The unit of intensity for visible light is lux. For example, the intensity of sunlight at midday measures over 100,000 lux. Early research in light therapy operated under the assumption that bright white light (7,000-12,000 lux simulating the ambient outdoor light intensity just after dawn) was necessary to produce discernible biologic effects.33,38 Subsequent research, however, proved that much lower intensity sources, such as ordinary room light (≈180 lux) were sufficient to reset the human biologic clock,39 implying that exposure to ordinary room light on the opposite side of the Y-axis of the PRC may interfere with logical design and desired outcome of prescribed light therapy.3941 One strategy to compensate for the undesired effects of ordinary room light on the SCN is to administer a higher dose (intensity × duration) of therapeutic light. The elongated S-shaped dose-response curve (DRC) correlates the resultant circadian phase shift in minutes with a particular light dose (Figure 3). The DRC is nonlinear, slopes maximally between 50 and 550 lux and plateaus thereafter, indicating that high-intensity stimuli exceeding 550 lux are only slightly more effective than lower intensity stimuli. For instance, the net biologic effect of 9000 lux over 6.5 h may only be twice that of 100 lux over the same period.41 Although possible in principle, it may, therefore, be difficult to overcome the effects of ordinary room light on circadian rhythm by administering a higher intensity light for a longer duration. Moreover, sensitivity of the SCN to various light intensities is dependent on previous light exposure history.42,43 Extended prior exposure to dim light sensitizes the SCN to light, generating greater melatonin suppression following exposure to light of modest intensity, while baseline exposure to high light intensities produces the opposite effect.44,45 A thorough history of the nature, amount, and timing of daily light exposure of each patient may prove essential for the appropriate design and prescription for optimal light therapy.46,47 In some cases, successful therapy may necessitate a combination of light exposure and light restriction by wearing dark goggles (see delayed sleep phase type below) or even employ light restriction solely.48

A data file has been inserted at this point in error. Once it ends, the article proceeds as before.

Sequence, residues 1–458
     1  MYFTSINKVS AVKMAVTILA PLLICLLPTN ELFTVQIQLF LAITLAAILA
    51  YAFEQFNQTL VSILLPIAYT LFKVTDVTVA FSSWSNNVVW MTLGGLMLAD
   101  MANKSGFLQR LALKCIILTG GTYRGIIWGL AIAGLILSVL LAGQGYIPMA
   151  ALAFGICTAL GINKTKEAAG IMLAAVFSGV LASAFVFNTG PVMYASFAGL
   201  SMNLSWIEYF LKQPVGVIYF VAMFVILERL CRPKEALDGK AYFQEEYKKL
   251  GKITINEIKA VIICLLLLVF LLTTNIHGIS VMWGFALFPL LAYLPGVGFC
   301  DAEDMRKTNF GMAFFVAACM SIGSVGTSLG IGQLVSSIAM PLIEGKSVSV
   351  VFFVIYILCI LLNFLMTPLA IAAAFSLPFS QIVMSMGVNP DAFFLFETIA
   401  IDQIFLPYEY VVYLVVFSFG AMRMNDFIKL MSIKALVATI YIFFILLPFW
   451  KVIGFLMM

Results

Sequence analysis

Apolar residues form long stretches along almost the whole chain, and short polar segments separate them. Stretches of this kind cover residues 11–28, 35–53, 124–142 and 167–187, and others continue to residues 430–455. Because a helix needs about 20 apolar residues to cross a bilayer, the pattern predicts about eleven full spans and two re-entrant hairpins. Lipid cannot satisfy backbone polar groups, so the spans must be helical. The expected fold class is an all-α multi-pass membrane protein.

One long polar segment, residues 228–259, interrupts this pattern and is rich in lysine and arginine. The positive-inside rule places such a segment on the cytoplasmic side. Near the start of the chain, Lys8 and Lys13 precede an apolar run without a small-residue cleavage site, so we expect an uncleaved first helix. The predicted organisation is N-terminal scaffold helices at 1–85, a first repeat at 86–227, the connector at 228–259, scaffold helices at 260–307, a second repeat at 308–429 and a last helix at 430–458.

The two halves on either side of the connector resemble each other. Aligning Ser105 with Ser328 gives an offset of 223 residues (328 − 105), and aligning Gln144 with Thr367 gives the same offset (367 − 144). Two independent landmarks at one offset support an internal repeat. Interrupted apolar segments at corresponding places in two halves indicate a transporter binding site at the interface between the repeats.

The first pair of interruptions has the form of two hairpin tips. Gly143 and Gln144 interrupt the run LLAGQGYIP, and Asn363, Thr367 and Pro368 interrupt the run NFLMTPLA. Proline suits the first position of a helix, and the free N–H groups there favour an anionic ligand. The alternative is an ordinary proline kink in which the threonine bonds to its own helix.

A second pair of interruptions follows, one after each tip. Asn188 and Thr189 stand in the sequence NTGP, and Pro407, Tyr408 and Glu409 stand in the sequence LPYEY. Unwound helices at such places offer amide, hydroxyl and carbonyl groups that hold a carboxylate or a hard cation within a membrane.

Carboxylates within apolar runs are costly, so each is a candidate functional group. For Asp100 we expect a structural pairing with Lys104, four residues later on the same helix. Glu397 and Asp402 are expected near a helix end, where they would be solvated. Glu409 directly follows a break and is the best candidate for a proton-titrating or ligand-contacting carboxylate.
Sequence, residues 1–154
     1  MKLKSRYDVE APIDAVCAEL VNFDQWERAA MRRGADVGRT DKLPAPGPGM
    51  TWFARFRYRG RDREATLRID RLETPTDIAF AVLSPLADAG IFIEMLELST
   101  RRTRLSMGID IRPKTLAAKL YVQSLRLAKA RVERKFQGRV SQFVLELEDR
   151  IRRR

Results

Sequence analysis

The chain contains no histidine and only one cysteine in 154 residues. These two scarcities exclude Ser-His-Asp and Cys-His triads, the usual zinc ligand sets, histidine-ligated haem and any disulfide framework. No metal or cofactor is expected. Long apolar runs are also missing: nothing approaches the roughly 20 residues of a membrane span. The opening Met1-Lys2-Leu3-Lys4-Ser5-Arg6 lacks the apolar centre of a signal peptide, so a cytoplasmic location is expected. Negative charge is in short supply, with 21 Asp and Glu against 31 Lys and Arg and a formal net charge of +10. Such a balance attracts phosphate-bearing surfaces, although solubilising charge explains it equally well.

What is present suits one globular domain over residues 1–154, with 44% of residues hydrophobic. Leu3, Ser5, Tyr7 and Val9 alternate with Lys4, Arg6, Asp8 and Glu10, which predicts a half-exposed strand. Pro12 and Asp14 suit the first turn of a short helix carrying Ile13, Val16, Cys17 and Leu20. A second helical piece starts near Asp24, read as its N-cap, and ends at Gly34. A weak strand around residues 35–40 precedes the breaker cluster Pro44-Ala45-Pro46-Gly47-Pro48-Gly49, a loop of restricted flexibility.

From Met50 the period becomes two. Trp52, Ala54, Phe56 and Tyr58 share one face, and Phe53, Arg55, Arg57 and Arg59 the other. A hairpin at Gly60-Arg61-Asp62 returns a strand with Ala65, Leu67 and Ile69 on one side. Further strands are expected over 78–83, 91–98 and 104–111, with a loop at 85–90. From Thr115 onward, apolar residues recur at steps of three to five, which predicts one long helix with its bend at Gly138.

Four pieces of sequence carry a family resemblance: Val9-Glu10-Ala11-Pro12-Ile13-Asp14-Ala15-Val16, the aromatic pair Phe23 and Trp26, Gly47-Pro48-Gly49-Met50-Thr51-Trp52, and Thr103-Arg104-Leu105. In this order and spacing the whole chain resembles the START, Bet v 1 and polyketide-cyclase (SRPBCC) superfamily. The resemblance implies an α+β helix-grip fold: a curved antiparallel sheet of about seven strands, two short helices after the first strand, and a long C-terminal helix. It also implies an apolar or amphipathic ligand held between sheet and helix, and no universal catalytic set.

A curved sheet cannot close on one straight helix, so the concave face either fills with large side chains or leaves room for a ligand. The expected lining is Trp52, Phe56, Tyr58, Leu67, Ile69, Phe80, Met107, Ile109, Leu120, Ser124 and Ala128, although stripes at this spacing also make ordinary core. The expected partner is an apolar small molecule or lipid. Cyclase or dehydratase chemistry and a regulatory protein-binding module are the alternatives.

Figure 3